Duhaime's Law Dictionary

Causa Sine Qua Non Definition:

An intervening cause of loss which, though not direct, may nonetheless contribute to the loss.

Related Terms: Causa Causans, Causation, But For, Sine Qua Non

Ballentine defines causa sine qau non as follows:

"A cause without which the thing would not have happened. A cause which if it had not existed, the injury would not have been sustained."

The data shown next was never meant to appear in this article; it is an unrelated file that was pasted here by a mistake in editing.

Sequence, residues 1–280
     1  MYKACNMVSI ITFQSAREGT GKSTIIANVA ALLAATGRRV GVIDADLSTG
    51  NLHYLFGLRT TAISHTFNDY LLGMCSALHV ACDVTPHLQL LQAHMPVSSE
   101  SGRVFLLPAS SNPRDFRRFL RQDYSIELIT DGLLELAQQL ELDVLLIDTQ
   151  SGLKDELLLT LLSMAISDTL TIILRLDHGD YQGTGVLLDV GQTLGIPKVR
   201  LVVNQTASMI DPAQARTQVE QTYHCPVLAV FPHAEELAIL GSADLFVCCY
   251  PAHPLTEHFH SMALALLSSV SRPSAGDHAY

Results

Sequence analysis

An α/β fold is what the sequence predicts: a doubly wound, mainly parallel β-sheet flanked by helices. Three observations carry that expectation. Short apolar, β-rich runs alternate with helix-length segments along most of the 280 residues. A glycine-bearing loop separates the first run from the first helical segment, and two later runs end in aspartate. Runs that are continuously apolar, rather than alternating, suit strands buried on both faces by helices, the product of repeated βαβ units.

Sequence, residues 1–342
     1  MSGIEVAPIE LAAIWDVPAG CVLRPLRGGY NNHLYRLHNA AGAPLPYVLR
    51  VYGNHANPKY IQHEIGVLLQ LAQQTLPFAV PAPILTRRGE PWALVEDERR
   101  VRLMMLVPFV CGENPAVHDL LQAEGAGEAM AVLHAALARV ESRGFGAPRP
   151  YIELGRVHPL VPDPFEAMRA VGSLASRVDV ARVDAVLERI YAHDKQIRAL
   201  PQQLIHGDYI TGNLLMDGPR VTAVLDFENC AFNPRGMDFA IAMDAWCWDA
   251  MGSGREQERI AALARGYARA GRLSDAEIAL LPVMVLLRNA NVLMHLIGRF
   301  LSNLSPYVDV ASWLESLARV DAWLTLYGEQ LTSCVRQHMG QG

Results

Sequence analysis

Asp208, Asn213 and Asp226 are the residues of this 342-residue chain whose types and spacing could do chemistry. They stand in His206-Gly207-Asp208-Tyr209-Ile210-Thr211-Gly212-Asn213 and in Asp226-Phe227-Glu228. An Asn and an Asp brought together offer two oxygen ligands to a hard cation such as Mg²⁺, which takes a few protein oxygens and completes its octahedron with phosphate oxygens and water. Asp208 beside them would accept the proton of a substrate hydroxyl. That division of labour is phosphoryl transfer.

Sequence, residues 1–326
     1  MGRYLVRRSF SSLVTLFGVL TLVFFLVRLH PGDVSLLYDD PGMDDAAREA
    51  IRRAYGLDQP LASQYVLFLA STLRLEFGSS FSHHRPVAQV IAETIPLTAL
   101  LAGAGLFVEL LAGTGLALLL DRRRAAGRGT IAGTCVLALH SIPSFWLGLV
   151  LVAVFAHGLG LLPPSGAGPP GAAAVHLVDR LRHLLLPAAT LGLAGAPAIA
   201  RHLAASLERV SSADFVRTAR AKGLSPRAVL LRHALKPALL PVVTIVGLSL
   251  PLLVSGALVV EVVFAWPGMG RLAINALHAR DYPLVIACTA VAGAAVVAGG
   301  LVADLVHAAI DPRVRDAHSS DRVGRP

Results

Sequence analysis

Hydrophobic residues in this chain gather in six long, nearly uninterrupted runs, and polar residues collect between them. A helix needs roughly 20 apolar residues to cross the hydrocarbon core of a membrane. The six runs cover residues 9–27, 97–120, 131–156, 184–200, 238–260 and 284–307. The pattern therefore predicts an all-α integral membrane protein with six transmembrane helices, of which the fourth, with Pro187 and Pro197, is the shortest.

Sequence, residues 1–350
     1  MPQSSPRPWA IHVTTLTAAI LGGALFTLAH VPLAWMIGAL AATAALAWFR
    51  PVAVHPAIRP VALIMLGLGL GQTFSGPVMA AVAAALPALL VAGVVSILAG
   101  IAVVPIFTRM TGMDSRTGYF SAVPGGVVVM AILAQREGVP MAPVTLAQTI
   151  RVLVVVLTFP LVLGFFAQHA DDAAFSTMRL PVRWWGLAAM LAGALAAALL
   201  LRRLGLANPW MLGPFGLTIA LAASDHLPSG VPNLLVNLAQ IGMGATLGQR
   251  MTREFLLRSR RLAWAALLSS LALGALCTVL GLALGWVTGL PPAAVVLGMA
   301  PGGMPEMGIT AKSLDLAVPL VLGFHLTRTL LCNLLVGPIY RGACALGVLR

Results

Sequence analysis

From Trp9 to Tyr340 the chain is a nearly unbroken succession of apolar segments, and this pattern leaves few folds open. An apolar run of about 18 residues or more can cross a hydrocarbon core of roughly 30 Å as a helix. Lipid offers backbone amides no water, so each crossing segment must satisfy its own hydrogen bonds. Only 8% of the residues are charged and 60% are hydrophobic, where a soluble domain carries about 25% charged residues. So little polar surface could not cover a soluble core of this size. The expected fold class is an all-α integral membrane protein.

Traditionally distinguished from causa causans.

In Hayes, Justice Matthews of the United States Supreme Court wrote:

"[C]ausa sine qua non, a cause which if it had not existed, the injury would not have taken place, an occasional cause....

In Smith Hogg, Justice Wright bemoaned the use of such Latin maxims in the course of judicial proceedings and reluctantly remarked:

"Causa causans ... (means) a cause which causes while causa sine qua non means ... a cause which does not, in the sense material to the particular case, causa, but is merely an incident which precedes in the history of narrative of events, but as a cause in not in at the death and hence is irrelevant."


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